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Finance reform revived

Campaign-finance reform legislation will go to a vote in the House this year after supporters got the last two signatures needed to force it to the floor.

That puts broadcasters on high alert because the House's primary reform bill includes a provision that would require broadcasters to sell politicians advertising at their lowest prices. That amendment was inserted into the Senate-passed version of the bill last summer by Sen. Robert Torricelli (D-N.J.). The bill also includes language that would ban so-called "issue advertising" in the 60 days leading up to an election, which is another provision broadcasters don't like but aren't actively protesting. NAB had no comment.

The House now is required to take up campaign-finance reform because 218 members of the body signed what is known as a "discharge petition." Reps. Charles Bass (R-N.H.), Tom Petri (R-Wis.), Corrine Brown (D-Fla.) and Richard Neal (D-Mass.) provided the four remaining signatures reformers needed to force the vote.

Last year, House leadership narrowly avoided a vote on the issue due to a procedure dispute. Now, the House will vote on three legislative versions of campaign-finance reform. Whichever one gets the most votes will face a final vote in the House.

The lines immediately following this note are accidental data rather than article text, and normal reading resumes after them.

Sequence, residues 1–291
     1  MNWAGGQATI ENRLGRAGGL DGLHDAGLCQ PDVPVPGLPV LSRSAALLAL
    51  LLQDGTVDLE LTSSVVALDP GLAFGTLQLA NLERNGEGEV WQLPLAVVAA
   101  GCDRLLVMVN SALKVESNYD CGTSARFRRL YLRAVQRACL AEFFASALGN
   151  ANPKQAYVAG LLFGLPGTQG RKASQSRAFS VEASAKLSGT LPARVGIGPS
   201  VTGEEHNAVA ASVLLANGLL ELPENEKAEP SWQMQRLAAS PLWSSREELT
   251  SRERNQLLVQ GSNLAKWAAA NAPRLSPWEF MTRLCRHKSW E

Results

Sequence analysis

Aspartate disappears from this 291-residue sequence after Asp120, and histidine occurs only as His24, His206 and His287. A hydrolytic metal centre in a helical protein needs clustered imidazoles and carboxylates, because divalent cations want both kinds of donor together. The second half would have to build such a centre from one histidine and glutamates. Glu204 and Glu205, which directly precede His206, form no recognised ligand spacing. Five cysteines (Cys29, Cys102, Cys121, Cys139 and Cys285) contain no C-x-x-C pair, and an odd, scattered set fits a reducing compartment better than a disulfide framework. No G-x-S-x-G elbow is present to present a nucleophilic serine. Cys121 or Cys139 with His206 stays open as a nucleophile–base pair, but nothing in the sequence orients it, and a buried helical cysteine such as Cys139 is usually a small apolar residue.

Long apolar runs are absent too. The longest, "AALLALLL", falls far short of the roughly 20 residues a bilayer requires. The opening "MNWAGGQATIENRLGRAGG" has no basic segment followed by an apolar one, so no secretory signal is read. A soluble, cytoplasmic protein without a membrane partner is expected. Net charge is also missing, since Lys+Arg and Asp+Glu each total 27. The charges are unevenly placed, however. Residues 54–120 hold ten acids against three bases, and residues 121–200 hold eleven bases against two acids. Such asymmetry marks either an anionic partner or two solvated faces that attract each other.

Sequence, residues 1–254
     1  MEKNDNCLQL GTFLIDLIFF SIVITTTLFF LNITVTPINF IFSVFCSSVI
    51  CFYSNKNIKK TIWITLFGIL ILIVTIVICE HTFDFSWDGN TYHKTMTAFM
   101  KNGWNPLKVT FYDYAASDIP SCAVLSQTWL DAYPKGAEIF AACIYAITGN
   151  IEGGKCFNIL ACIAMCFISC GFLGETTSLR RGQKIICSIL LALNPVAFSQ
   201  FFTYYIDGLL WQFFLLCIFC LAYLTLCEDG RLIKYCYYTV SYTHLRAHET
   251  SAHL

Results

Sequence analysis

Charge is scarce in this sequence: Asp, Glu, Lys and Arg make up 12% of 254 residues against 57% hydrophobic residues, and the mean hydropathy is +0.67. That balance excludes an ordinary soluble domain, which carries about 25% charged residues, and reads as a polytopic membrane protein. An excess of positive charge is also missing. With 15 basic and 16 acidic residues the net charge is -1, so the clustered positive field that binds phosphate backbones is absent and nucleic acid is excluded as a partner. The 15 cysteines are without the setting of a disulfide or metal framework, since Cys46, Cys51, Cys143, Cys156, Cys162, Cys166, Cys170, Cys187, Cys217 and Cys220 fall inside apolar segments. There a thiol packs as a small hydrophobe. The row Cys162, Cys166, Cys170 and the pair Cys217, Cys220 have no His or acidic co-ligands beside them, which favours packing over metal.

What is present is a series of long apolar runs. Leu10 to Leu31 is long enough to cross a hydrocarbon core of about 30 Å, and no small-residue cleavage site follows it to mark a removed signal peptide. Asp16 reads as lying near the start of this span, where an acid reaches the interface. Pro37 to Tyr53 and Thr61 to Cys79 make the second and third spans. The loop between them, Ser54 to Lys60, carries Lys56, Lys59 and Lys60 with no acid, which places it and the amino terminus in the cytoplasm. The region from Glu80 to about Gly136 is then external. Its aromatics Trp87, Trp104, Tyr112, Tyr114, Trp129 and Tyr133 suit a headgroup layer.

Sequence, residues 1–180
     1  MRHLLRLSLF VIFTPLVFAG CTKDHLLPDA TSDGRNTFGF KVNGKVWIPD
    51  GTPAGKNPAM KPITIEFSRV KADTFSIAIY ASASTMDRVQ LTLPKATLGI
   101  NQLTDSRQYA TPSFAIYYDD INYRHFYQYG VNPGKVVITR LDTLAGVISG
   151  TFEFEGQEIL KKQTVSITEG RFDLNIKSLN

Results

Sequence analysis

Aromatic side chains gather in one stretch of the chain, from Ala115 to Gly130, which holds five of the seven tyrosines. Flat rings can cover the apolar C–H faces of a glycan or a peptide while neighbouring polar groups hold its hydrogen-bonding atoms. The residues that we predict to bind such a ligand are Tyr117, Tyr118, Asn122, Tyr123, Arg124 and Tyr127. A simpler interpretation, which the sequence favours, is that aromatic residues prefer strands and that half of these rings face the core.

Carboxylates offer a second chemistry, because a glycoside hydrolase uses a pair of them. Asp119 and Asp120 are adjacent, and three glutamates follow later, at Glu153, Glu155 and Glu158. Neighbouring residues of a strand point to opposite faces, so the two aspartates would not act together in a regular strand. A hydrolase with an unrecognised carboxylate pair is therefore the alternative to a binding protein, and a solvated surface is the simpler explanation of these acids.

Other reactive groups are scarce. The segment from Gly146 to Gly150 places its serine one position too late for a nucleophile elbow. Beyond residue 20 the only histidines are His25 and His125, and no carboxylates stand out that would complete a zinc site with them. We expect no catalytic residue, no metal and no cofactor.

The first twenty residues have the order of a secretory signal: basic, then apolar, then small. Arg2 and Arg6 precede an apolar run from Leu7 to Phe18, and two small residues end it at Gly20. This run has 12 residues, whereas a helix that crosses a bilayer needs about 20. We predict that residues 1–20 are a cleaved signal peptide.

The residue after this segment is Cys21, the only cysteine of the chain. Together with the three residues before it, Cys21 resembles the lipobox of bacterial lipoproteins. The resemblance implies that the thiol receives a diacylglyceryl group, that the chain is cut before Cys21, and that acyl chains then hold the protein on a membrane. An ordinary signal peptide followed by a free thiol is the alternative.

Observers expect the winning bill will be legislation sponsored by Reps. Chris Shays (R-Conn.) and Marty Meehan (D-Mass.), which includes the Torricelli amendment. The main competitor will be a version sponsored by Rep. Bob Ney (R-Ohio). Should Shays-Meehan stand, broadcasters could have a hard time getting rid of the Torricelli provision because the rules set up by the discharge petition limit the number of new amendments that can be offered.

Another opportunity to strip the provision could come in a conference session between the Senate and the House to reconcile two versions of passed bills. Reformers, however, would prefer to pass a House bill that closely resembles the Senate bill and avoid a conference altogether. If that happens and the Torricelli amendment has not yet been stripped, broadcasters likely will have to take the amendment to court.

Due to the recent Enron scandals, observers say campaign-finance reformers have a fair shot at finally getting a bill passed this year. "Enron pushed the issue over the last hill, although we got very close over the summer," says Paul Taylor, executive director of the Alliance for Better Campaigns. Enron also forced President George W. Bush to take a clear stand on campaign-finance reform, something he wasn't willing to do last summer.

"The president has made it very clear to Congress that they cannot count on him to veto campaign-finance reform," said White House spokesman Ari Fleischer, who received the news while he was holding his daily press briefing. "The president is committed to having campaign-finance reform enacted into law."